They purchased a piece of property along the Kennebec river and had a small cottage built. The cottage consists of one room downstairs that contains a kitchen and a dining area. Upstairs, there's one bedroom and a bathroom. It's cozy, warm and completely unsuitable for the large number of family members and guests that drop in from time to time.
So D*, a tireless and creative man, bought a barn. Not just an ordinary barn, but a 200-year old post-and-beam monster, 40 by 50 feet. It was dismantled and transported to his property by a contractor, who laid a foundation and erected the structure, cladding the exterior in high-tech, 8-inch thick Styrofoam-insulated panels. Inside, the structure is completely open, with two complete floors and lofts at each end. The thing is huge, 34 feet from foundation to the peak of the roof. The largest timbers are 10 x 10 inches, 32 feet long. It's hard to imagine how big those trees must have been.
It's not finished yet, not by a long shot. But D* had a complex radiant heating system installed in the floors, so it's warm and comfortable. Here's the control system, which is intimidating.
The downstairs of the barn is full of rocks, which will be used to build the chimney.
The mason arrived to work on the fireplace, and we talked about his work. Maine has rocky soil, and is crisscrossed with thousands of stone walls, plowed up by farmers since the plow was introduced to North America. The mason told us that those walls are now the primary source of his building material. He has to pay the landowners to remove the rocks, then he has to get them across the fields to his truck. "Theah's no such thing as a free stone," he declared in his thick Down East accent. "In the summah, I have to pay fifteen dollahs an houah fah labah to carry them out. In the wintah, I can sled them out, but I have to pay fifteen dollahs an houah fah labah to crowbah them out of the frozen wall."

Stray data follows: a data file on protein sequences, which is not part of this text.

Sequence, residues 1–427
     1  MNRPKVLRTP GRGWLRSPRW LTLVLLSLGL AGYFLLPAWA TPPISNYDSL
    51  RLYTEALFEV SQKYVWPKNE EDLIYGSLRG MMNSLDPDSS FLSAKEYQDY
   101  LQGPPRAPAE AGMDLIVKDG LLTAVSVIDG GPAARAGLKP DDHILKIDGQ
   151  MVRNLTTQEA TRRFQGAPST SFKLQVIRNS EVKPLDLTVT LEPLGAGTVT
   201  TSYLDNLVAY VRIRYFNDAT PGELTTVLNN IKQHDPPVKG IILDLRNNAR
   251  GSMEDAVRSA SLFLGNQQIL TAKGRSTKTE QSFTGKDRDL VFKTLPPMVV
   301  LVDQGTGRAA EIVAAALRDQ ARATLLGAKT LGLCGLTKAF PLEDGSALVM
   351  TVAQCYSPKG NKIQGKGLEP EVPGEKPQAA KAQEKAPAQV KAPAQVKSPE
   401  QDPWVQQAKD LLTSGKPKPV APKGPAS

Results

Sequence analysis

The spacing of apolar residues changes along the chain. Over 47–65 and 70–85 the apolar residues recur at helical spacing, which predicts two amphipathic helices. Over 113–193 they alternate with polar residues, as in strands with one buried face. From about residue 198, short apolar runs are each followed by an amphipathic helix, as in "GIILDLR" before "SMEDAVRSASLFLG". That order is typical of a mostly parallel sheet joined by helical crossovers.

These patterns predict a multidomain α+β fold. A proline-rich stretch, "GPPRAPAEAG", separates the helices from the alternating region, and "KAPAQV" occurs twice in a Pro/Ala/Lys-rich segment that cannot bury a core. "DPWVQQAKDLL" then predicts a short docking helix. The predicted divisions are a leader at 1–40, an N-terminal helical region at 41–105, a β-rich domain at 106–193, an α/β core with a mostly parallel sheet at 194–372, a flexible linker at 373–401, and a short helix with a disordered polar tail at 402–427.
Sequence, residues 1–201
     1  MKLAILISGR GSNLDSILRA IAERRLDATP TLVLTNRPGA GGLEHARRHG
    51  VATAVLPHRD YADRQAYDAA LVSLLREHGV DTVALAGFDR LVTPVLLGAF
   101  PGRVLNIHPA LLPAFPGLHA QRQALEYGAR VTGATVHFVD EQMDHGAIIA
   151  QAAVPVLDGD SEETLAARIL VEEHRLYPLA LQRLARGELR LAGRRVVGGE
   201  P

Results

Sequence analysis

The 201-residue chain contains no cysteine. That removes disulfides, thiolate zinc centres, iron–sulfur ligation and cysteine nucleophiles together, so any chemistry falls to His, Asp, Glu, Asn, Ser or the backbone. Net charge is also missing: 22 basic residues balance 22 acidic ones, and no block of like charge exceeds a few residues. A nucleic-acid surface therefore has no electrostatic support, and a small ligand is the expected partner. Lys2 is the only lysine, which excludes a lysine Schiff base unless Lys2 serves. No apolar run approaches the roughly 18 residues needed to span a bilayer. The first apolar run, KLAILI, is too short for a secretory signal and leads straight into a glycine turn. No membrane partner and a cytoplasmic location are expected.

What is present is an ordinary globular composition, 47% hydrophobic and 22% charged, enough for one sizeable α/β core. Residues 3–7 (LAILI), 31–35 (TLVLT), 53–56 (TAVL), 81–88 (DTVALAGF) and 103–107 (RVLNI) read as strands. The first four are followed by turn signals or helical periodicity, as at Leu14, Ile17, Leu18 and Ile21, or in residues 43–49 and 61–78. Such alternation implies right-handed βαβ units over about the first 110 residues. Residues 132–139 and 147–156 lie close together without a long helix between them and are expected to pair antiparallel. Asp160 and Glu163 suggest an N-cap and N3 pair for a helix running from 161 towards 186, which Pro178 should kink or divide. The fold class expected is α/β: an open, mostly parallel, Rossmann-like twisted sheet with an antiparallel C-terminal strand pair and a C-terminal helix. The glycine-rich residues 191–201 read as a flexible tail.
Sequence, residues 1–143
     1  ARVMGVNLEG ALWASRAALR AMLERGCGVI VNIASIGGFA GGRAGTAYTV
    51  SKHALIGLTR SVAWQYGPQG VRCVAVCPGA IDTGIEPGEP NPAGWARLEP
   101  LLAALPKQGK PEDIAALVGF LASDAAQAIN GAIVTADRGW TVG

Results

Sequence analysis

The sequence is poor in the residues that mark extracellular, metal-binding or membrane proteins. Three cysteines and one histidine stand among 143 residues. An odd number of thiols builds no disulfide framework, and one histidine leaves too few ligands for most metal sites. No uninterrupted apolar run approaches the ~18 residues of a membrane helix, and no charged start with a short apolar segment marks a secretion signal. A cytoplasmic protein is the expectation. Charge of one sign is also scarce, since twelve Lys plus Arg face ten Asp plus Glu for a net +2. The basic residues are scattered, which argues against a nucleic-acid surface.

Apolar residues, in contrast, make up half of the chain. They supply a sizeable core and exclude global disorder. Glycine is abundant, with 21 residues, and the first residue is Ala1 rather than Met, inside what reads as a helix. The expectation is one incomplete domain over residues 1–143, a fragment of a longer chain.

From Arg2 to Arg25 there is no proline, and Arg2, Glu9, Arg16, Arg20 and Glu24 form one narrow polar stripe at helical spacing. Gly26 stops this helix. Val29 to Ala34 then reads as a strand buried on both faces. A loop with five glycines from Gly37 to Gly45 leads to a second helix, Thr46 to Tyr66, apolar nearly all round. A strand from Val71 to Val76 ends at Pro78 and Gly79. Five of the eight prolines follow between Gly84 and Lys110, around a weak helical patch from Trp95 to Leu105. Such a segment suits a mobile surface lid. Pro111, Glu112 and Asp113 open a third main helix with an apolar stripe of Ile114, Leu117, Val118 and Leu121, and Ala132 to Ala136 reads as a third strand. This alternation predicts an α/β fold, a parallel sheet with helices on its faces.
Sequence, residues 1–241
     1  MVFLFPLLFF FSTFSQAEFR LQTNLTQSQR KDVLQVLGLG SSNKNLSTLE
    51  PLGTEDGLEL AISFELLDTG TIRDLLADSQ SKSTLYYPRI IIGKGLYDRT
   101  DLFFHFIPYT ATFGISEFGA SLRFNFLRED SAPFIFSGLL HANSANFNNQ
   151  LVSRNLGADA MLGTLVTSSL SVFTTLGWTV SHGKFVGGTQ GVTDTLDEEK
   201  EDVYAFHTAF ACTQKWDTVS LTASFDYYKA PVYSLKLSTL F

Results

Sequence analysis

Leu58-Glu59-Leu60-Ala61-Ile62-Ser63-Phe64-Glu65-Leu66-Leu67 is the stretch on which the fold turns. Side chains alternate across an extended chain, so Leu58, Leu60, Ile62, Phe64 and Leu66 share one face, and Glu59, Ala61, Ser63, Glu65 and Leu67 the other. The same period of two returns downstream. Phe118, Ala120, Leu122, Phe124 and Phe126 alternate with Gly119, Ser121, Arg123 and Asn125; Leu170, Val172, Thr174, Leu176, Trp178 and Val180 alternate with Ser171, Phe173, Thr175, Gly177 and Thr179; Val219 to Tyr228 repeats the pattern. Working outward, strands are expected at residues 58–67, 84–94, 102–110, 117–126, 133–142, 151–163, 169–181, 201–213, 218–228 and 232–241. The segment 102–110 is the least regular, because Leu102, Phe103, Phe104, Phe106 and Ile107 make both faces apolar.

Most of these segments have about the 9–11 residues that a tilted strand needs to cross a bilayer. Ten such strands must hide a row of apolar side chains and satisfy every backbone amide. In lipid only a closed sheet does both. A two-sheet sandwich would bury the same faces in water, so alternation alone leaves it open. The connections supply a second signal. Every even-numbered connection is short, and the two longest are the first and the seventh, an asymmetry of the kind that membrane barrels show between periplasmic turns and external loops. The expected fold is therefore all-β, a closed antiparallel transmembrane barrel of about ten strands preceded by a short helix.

The next morning, we drove to Sugarloaf, a huge Alpine ski center.
However, living in Florida, we don't even climb stairs anymore, so we didn't feel very comfortable about the idea of flying down the side of a mountain.
There's a Nordic ski center about a mile away, and we have cross-country skis that our friends have kept for us. I was surprised at how quickly the smooth stride came back to me, and we glided through the snowy woods.
But it was tiring, and the downhill stretches were a little tricky. I fell a few times, as did all of us, except for one. My daughter, who has never cross-country skied before, took the hills in stride. Shown here is my wife sprawled on the side of a hill, and my daughter's reaction.